Incognito Mode Isn’t Doing What You Think It’s Doing
Kanebridge News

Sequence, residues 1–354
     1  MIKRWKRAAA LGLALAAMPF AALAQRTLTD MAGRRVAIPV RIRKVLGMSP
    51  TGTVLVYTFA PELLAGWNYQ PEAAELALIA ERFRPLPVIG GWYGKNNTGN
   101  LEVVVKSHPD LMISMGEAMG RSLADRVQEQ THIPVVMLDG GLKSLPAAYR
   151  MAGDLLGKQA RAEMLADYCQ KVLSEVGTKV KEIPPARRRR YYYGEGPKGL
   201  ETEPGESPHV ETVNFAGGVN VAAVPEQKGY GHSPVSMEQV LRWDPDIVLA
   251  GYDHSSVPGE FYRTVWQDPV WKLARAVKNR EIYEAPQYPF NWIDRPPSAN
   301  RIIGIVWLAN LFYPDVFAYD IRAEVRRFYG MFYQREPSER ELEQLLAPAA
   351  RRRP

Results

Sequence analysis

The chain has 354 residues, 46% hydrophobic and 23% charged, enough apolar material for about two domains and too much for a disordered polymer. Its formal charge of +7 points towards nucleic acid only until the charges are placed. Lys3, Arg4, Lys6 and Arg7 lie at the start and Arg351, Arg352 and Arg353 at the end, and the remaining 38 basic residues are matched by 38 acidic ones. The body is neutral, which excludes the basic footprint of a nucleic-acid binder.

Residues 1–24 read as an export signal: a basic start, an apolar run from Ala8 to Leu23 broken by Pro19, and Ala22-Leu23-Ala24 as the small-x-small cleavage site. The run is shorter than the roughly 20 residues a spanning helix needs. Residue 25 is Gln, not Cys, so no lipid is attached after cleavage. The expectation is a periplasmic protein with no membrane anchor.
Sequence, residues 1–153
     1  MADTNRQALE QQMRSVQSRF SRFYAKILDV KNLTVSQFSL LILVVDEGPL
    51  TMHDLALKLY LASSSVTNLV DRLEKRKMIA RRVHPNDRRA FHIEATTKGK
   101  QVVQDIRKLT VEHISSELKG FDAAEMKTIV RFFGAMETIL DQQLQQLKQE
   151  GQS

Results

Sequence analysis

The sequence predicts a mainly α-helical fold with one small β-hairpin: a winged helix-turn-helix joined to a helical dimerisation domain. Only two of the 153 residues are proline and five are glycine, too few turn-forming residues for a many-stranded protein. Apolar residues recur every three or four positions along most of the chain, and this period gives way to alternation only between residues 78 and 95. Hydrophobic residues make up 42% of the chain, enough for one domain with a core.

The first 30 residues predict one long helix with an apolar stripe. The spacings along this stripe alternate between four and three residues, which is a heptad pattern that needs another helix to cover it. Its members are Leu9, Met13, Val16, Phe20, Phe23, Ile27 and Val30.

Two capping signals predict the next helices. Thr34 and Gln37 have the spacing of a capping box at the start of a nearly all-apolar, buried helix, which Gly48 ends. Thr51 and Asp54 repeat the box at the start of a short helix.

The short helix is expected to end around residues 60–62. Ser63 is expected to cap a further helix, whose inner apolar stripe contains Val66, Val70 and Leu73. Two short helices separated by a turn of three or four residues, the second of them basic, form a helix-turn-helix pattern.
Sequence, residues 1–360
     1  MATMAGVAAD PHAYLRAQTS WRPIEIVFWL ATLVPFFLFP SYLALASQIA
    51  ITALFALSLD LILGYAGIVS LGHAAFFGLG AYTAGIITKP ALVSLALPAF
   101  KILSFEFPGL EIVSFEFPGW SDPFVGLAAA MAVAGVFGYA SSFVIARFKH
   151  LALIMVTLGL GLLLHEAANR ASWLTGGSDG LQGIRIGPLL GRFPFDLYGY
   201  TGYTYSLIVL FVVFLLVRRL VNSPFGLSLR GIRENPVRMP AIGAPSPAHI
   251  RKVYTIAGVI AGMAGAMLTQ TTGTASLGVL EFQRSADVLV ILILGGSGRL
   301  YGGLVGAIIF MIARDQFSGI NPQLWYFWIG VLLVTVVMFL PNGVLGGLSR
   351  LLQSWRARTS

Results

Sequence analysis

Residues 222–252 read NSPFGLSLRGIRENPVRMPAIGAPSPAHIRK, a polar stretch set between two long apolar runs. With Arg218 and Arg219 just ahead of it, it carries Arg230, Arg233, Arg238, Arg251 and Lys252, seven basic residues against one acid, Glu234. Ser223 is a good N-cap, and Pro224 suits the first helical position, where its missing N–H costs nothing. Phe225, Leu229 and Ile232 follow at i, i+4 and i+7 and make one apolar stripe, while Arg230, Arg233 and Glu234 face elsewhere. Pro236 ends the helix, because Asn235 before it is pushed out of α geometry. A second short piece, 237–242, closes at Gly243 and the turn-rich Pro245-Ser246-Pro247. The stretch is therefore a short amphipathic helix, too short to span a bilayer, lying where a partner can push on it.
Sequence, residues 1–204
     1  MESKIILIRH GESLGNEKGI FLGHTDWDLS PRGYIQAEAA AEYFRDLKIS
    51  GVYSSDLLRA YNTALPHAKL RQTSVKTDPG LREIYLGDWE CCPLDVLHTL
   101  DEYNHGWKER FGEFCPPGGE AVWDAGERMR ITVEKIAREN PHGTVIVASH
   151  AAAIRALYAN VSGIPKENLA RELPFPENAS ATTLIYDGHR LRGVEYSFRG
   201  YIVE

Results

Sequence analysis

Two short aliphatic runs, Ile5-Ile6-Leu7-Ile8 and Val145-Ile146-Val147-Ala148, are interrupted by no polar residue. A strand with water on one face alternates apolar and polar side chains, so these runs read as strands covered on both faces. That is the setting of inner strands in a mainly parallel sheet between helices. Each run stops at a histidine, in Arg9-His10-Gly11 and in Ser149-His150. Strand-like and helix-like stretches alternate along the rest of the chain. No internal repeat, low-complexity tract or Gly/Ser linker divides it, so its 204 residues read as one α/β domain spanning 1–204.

HOUSE MEDIAN ASKING PRICES AND WEEKLY CHANGE     Sydney $1,599,192 (-0.51%)       Melbourne $986,501 (-0.24%)       Brisbane $938,846 (+0.04%)       Adelaide $864,470 (+0.79%)       Perth $822,991 (-0.13%)       Hobart $755,620 (-0.26%)       Darwin $665,693 (-0.13%)       Canberra $994,740 (+0.67%)       National $1,027,820 (-0.13%)                UNIT MEDIAN ASKING PRICES AND WEEKLY CHANGE     Sydney $746,448 (+0.19%)       Melbourne $495,247 (+0.53%)       Brisbane $534,081 (+1.16%)       Adelaide $409,697 (-2.19%)       Perth $437,258 (+0.97%)       Hobart $531,961 (+0.68%)       Darwin $367,399 (0%)       Canberra $499,766 (0%)       National $525,746 (+0.31%)                HOUSES FOR SALE AND WEEKLY CHANGE     Sydney 10,586 (+169)       Melbourne 15,093 (+456)       Brisbane 7,795 (+246)       Adelaide 2,488 (+77)       Perth 6,274 (+65)       Hobart 1,315 (+13)       Darwin 255 (+4)       Canberra 1,037 (+17)       National 44,843 (+1,047)                UNITS FOR SALE AND WEEKLY CHANGE     Sydney 8,675 (+47)       Melbourne 7,961 (+171)       Brisbane 1,636 (+24)       Adelaide 462 (+20)       Perth 1,749 (+2)       Hobart 206 (+4)       Darwin 384 (+2)       Canberra 914 (+19)       National 21,987 (+289)                HOUSE MEDIAN ASKING RENTS AND WEEKLY CHANGE     Sydney $770 (-$10)       Melbourne $590 (-$5)       Brisbane $620 ($0)       Adelaide $595 (-$5)       Perth $650 ($0)       Hobart $550 ($0)       Darwin $700 ($0)       Canberra $700 ($0)       National $654 (-$3)                UNIT MEDIAN ASKING RENTS AND WEEKLY CHANGE     Sydney $730 (+$10)       Melbourne $580 ($0)       Brisbane $620 ($0)       Adelaide $470 ($0)       Perth $600 ($0)       Hobart $460 (-$10)       Darwin $550 ($0)       Canberra $560 (-$5)       National $583 (+$1)                HOUSES FOR RENT AND WEEKLY CHANGE     Sydney 5,253 (-65)       Melbourne 5,429 (+1)       Brisbane 3,933 (-4)       Adelaide 1,178 (+17)       Perth 1,685 ($0)       Hobart 393 (+25)       Darwin 144 (+6)       Canberra 575 (-22)       National 18,590 (-42)                UNITS FOR RENT AND WEEKLY CHANGE     Sydney 6,894 (-176)       Melbourne 4,572 (-79)       Brisbane 1,991 (+1)       Adelaide 377 (+6)       Perth 590 (+3)       Hobart 152 (+6)       Darwin 266 (+10)       Canberra 525 (+8)       National 15,367 (-221)                HOUSE ANNUAL GROSS YIELDS AND TREND         Sydney 2.50% (↓)       Melbourne 3.11% (↓)       Brisbane 3.43% (↓)       Adelaide 3.58% (↓)     Perth 4.11% (↑)      Hobart 3.78% (↑)      Darwin 5.47% (↑)        Canberra 3.66% (↓)       National 3.31% (↓)            UNIT ANNUAL GROSS YIELDS AND TREND       Sydney 5.09% (↑)        Melbourne 6.09% (↓)       Brisbane 6.04% (↓)     Adelaide 5.97% (↑)        Perth 7.14% (↓)       Hobart 4.50% (↓)       Darwin 7.78% (↓)       Canberra 5.83% (↓)       National 5.76% (↓)            HOUSE RENTAL VACANCY RATES AND TREND       Sydney 0.7% (↑)      Melbourne 0.8% (↑)      Brisbane 0.4% (↑)      Adelaide 0.4% (↑)      Perth 1.2% (↑)      Hobart 0.6% (↑)      Darwin 1.1% (↑)      Canberra 0.7% (↑)      National 0.7% (↑)             UNIT RENTAL VACANCY RATES AND TREND       Sydney 0.9% (↑)      Melbourne 1.4% (↑)      Brisbane 0.7% (↑)      Adelaide 0.3% (↑)      Perth 0.4% (↑)      Hobart 1.5% (↑)      Darwin 0.8% (↑)      Canberra 1.3% (↑)        National 0.9% (↓)            AVERAGE DAYS TO SELL HOUSES AND TREND         Sydney 28.7 (↓)       Melbourne 30.7 (↓)       Brisbane 31.0 (↓)       Adelaide 25.4 (↓)       Perth 34.0 (↓)       Hobart 34.8 (↓)       Darwin 35.1 (↓)       Canberra 28.5 (↓)       National 31.0 (↓)            AVERAGE DAYS TO SELL UNITS AND TREND         Sydney 25.8 (↓)       Melbourne 30.2 (↓)       Brisbane 27.6 (↓)       Adelaide 21.8 (↓)       Perth 37.8 (↓)       Hobart 25.2 (↓)       Darwin 24.8 (↓)       Canberra 41.1 (↓)       National 29.3 (↓)